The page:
© Gale Gatto
Print

Finest Fine Arts Festival!

Written by Linda Kirkpatrick on .

TO ENLARGE PHOTOS FROM THE HOME PAGE, CLICK ON THE HEADLINE ABOVE

With 100 booths representing some of the finest artists around, the 49th Evergreen Fine Arts Festival attracted big crowds both Saturday and Sunday, August 22nd and 23rd.  

Co-chairs Josh Trefethan and Beth Riser had more than the norm to think about as there was a power outage early Saturday morning before the festival kicked off … and Sunday morning one of the exhibitors collapsed in the roadway, appearing to have experienced a stroke, and was taken by ambulance to the hospital.  Volunteers manned the booth in his absence all weekend, and volunteers offered overnight accommodations for the man's wife, who had to fly in from the Midwest.

Dogs were allowed for the first time, and there were a lot of them.  Food concessions did a record business because Jefferson County Open Space restricted the number of food concessions on the property.  

Print

Squirrels – our chattering neighbors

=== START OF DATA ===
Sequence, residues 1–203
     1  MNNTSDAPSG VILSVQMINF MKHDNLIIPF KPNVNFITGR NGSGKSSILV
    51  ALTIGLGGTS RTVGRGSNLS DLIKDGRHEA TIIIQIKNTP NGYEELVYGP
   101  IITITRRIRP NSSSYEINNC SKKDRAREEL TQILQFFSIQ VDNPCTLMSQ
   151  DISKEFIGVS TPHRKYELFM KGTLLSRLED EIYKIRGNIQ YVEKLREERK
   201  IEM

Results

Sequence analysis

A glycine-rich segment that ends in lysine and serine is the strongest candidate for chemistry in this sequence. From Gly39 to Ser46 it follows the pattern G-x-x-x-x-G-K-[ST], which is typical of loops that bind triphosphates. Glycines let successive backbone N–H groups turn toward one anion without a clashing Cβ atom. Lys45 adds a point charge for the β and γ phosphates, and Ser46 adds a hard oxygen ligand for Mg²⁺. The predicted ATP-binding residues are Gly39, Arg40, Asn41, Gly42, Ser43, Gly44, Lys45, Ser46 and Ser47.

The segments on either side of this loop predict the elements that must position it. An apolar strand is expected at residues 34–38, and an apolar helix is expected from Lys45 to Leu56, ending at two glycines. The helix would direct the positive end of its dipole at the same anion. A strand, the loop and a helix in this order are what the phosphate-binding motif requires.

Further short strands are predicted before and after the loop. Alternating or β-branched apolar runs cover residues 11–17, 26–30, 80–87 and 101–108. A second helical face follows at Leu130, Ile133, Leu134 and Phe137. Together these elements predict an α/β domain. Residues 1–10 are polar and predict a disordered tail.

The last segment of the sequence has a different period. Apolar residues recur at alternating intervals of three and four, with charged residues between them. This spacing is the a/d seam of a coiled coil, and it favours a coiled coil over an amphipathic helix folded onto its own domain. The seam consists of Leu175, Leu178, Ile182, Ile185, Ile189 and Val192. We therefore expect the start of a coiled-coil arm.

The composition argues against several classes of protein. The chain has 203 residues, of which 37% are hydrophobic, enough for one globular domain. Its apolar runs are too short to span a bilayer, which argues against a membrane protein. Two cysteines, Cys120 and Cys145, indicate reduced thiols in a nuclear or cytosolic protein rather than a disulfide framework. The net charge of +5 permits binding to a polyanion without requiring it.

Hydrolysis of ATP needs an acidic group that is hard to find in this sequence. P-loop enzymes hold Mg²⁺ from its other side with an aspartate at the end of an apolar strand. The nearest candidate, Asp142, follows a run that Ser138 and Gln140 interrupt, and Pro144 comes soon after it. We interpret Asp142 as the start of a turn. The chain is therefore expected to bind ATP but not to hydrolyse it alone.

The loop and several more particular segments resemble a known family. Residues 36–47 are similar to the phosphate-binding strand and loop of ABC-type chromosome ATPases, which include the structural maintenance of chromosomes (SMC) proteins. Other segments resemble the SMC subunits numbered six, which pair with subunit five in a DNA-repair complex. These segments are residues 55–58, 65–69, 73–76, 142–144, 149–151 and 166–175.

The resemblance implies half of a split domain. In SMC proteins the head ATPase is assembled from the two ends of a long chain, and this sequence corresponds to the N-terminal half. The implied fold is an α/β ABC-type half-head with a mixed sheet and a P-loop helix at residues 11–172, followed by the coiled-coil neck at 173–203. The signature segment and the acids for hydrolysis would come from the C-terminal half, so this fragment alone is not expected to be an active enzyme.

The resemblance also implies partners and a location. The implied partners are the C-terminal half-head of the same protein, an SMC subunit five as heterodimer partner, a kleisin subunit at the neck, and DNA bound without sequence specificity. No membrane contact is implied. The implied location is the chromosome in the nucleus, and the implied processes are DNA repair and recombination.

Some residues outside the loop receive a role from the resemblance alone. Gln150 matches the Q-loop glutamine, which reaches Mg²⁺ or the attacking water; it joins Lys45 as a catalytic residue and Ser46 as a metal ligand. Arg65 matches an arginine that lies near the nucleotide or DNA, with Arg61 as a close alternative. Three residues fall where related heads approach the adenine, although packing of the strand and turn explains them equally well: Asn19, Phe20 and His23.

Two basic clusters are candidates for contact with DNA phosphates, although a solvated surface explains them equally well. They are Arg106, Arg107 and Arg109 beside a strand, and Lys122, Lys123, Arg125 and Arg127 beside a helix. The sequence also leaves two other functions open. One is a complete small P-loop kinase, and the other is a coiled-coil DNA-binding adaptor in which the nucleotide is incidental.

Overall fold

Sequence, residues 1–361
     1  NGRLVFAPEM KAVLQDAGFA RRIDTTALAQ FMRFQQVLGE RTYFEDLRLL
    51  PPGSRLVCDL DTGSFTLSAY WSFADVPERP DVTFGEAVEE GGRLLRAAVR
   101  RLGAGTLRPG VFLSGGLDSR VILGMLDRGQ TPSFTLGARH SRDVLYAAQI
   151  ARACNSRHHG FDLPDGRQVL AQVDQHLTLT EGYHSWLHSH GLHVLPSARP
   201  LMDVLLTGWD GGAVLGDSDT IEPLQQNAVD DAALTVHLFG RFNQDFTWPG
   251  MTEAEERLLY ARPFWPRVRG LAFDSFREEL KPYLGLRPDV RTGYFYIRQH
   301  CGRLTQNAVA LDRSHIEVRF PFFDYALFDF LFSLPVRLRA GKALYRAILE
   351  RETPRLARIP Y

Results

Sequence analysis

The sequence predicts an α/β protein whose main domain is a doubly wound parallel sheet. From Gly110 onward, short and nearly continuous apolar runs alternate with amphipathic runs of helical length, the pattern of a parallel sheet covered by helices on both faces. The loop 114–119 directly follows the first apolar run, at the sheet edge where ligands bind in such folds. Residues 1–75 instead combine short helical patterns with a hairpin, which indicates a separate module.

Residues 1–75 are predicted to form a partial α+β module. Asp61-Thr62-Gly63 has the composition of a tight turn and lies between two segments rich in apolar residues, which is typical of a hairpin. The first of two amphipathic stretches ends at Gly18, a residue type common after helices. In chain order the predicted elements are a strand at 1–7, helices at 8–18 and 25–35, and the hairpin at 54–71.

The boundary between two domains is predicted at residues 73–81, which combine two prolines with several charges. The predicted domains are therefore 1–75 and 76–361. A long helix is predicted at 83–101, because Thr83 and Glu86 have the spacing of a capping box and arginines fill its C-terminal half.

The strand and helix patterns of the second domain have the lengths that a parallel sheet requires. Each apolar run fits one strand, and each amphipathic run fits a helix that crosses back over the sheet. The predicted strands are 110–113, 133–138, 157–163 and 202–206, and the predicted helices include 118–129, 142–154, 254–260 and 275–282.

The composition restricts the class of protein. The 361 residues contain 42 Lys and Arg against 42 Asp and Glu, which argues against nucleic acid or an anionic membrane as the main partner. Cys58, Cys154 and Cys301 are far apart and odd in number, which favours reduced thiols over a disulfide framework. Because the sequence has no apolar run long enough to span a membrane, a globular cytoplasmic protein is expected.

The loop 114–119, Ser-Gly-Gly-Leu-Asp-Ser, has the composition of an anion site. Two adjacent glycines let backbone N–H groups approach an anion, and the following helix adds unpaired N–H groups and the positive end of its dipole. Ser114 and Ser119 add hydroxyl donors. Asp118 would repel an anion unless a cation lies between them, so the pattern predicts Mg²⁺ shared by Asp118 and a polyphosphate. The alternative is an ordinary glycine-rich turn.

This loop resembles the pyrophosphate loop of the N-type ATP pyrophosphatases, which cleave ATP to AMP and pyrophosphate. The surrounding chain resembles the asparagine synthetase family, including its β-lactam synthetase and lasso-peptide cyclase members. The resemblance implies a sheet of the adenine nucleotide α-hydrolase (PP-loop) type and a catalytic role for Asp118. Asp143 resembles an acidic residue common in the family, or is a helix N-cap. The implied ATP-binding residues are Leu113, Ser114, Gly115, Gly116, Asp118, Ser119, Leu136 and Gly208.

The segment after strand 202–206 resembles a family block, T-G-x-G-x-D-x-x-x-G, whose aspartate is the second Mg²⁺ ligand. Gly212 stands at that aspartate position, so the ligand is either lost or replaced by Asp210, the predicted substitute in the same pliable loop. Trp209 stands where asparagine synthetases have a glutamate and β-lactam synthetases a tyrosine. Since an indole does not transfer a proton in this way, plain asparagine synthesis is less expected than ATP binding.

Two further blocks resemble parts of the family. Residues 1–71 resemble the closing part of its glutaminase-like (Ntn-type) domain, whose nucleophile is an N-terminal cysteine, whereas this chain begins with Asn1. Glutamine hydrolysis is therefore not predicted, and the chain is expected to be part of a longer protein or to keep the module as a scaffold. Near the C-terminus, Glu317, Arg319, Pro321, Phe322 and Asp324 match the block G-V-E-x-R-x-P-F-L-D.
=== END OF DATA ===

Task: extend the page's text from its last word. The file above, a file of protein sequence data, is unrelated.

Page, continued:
Written by Ed Furlong on .

Many Audubon members are avid birders, and many of our programs have focused on birds. Broadening the view of our Evergreen world, our September chapter meeting will focus on two native tree squirrels in the Evergreen area: Abert’s and pine.

Their different habitats, diets, behaviors and appearances will be highlighted.  Photographs will make it easier to learn to quickly spot and identify these species. The program also will cover typical questions about these and other small rodents that live in the foothills, and with which we come into contact in our yards and gardens, and out hiking and walking.

The chapter meeting will be Thursday, Sept. 3, at Church of the Hills. Doors open at 6:30 p.m. for socializing before we begin our program at 7 p.m. Pine squirrels, often called red squirrels in the Midwest, are widely distributed in coniferous forests from the East Coast to Alaska.

Print

Meet Bob Baldwin

Written by Anne Vickstrom on .

To the Evergreen Chorale, Bob Baldwin is a talented baritone, a wonderful pianist and a heck of a leader and businessman.

To Colorado School of Mines, he was an outstanding student and went on to be an even more impressive professor in chemical engineering.

Oh, and then there’s NREL - the National Renewable Energy Laboratory – that was thrilled to discover that Bob’s ‘retirement’ somehow didn’t ‘take,’ and so he came their way.  He's principal scientist in the National Bioenergy Center.

“I’ve never hated a day of work in my life,” said Bob.  Perhaps that is his secret; he truly loves everything that he does.